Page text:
The grip retention screws and disks are original but the wooden grips are surly replacements. The bottom front of the frame at the magazine well has been filed open to allow the use of a non-Walther magazine. The magazine is for a Browning Baby or similar 6.35 pistol with a protruding floor plate. Walther Model 9 magazines are flush on the front (making them hard to remove). The grips and frame alteration was almost certainly done here in the USA after the pistol was brought back from Europe. The "FP" Logo in the grip could stand for anything, but it probably has nothing to do with the German origins of the pistol. High quality replacement grips are available which would help bring the pistol back to a more original appearance. The original grips were black plastic checkered panels with the WALTHER logo along the bottom of each side.

    The snap closure pouch or holster could have come from Germany with the pistol. It would be interesting to know if there are any markings on the holster.

    It is a pretty cool little pistol. I hope that this (belated) information is helpful.
    Earl
     
  10. RJay

    RJay Well-Known Member

    Feb 22, 2004
    Goodyear, Arizona
    Special order Grip panels can be of Ivory, Pearl or Wood. I have seen several examples of wood grips identical to those shown, They all had the Walther logo, also as shown, that is why I believe they are original. Could be wrong, been wrong before and I know I will be wrong again:).
     
  11. emount

    emount New Member

    4
    May 21, 2012
    Ron,

    You are correct that special order wood grips were available from Walther. I do not believe that the grips on the "FP" pistol are WALTHER wood grips. I may too may be wrong, but I have looked at a lot of Walther Model 9 pistols over the years and I think that the Walther wood grips were checkered. (See attached picture).

    The frame alteration for use of a non-Walther magazine tells me that the "FP" pistol was worked on, probably in America. In Germany a person could order replacement magazines and grips directly from Walther. And Walther had an active Civilian Market presence up through the end of the war. So I am guessing that the grips and magazine on the "FP" pistol are post war.

    The wood grips on the engraved pistol in the picture are milled on the inside just like the inside of Walther Ivory grips. I believe that these checkered wood grips are proper WALTHER wood grips. If we could get good pictures of the inside of the "FP" grips then perhaps my opinion would change. Walther may have offered two types of wood grips. I am always learning...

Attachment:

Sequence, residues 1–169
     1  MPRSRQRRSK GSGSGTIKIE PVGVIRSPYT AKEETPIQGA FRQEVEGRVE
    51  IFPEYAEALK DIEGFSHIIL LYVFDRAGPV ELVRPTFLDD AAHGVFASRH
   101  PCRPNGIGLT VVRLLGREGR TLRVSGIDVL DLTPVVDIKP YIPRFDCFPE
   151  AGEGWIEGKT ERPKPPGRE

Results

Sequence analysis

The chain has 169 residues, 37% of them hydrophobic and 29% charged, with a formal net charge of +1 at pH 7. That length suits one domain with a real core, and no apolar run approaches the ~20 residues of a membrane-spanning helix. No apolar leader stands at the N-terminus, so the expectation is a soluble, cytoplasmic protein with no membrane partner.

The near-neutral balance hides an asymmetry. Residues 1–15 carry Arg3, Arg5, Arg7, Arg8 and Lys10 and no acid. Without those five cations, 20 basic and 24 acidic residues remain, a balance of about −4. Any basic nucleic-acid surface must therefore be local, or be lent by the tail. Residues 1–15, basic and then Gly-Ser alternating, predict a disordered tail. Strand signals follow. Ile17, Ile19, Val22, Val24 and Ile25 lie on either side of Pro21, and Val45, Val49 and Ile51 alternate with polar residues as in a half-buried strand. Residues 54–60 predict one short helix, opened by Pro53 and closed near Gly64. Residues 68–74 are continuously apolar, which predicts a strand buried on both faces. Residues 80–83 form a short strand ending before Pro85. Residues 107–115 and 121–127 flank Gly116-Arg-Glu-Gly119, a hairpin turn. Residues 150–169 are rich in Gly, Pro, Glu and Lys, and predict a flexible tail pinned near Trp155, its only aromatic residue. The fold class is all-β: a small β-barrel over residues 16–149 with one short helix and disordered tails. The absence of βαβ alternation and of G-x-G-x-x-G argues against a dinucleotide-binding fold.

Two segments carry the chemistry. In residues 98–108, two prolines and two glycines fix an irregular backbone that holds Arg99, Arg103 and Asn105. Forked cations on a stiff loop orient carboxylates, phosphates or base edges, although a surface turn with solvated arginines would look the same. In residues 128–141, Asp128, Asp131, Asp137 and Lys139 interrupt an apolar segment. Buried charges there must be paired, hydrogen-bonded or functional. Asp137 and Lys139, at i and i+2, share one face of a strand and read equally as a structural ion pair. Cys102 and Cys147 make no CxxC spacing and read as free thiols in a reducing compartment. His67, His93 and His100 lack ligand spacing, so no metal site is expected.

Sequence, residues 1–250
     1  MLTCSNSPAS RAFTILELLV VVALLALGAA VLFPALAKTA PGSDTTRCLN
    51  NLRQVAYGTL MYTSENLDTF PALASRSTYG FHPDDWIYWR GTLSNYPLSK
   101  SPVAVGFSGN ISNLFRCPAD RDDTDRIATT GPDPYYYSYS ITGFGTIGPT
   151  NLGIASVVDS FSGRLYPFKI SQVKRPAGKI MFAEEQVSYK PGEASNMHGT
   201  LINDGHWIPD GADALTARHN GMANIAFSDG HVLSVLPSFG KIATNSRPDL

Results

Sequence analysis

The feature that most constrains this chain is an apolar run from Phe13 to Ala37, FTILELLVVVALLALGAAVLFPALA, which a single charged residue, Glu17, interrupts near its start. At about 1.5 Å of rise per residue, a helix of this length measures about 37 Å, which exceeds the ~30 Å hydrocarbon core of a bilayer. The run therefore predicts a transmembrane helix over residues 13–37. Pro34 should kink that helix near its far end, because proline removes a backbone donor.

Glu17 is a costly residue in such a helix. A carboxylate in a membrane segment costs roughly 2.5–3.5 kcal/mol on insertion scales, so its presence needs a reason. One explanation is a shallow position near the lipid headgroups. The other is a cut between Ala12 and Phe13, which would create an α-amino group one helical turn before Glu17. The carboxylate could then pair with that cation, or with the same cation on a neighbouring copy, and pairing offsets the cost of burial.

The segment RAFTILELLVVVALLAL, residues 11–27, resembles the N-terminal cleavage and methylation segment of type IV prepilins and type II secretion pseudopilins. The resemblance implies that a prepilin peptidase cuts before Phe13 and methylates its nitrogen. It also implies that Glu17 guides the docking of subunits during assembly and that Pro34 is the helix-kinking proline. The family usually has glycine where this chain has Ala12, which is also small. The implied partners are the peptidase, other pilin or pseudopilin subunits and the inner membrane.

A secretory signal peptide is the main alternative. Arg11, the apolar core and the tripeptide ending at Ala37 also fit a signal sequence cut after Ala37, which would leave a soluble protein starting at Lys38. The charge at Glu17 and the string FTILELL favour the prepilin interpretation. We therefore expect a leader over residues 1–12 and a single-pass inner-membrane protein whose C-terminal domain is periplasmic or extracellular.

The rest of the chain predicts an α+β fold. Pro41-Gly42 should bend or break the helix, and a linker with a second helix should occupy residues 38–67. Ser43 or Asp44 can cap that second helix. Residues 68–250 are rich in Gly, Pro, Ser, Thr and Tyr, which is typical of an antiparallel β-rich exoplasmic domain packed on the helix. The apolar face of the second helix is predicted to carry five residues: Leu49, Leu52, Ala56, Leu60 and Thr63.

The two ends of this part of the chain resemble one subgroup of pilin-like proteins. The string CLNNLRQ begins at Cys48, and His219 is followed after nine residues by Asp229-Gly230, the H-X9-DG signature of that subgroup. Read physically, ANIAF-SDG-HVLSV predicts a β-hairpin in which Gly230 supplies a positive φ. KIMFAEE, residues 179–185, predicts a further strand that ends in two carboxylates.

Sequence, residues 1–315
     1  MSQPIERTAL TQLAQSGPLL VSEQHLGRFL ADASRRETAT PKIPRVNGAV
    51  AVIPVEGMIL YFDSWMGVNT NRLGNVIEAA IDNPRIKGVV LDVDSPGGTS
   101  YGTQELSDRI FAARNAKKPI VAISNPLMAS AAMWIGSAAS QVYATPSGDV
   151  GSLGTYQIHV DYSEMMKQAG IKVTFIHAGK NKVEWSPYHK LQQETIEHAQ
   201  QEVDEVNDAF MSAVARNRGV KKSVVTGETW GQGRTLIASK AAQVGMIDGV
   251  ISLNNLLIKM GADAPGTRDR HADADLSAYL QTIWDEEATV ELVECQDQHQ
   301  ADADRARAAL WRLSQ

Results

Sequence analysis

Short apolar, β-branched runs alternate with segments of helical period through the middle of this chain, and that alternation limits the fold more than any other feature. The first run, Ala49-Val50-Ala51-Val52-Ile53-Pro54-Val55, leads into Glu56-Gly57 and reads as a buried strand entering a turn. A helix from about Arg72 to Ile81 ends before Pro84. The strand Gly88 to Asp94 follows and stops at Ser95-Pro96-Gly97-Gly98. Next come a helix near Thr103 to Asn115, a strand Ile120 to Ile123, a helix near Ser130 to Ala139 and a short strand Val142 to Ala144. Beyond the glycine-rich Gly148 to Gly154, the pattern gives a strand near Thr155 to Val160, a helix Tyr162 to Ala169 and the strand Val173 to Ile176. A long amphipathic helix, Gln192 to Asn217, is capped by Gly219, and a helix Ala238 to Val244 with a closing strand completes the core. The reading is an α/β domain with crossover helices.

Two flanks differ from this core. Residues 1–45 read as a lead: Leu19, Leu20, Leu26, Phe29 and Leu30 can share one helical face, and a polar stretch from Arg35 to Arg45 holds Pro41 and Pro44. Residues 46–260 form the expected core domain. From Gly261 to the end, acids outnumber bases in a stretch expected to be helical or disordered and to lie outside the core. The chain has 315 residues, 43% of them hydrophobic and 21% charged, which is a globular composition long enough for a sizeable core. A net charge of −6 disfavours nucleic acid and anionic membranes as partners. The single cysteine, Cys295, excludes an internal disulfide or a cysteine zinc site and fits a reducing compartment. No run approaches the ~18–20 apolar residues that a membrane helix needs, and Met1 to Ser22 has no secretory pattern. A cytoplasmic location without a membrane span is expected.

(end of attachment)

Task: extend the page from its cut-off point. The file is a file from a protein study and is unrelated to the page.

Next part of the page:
Earl
     

    Attached Files:

    Last edited: May 21, 2012
  12. RJay

    RJay Well-Known Member

    Feb 22, 2004
    Goodyear, Arizona
    Well, I'm not a Walther collector nor student of Walther firearms. I've owned several Walther's of varies models but that's all . So before I step into something that is out of my area of expertise I will withdraw:D Your knowledge on Walther's is well appreciated.:) Welcome to the forum. That is one very boo-tee-full firearm .
     
    Last edited: May 21, 2012
  13. Bill DeShivs

    Bill DeShivs Well-Known Member

    Apr 7, 2006
    The grips on the engraved gun may be original, but the engraving is not factory, I don't believe.
     
  14. emount

    emount New Member

    4
    May 21, 2012
    Bill,
    last weekend the engraved Model 9 with wooden grips was on display at the Denver Gun show. This year the show was also the NRA collectors show. It was viewed by hundreds of individuals, many of whom are established Walther experts. All agree that it is a fine example of a WALTHER factory fully engraved Model 9.

    WALTHER had a number of expert engravers on staff, plus they contracted out with different master engravers throughout the Zella-Mehlis / Shul region. There is a lot of variation from one factory engraved Walther to another. Here are some pictures of other factory engraved Walther 9's. All different.
    Earl
     

    Attached Files:

  15. Jboy

    Jboy Member

    77
    Apr 17, 2010
    Are you the Earl from Earl's Repair Service? If so then we have a true expert here.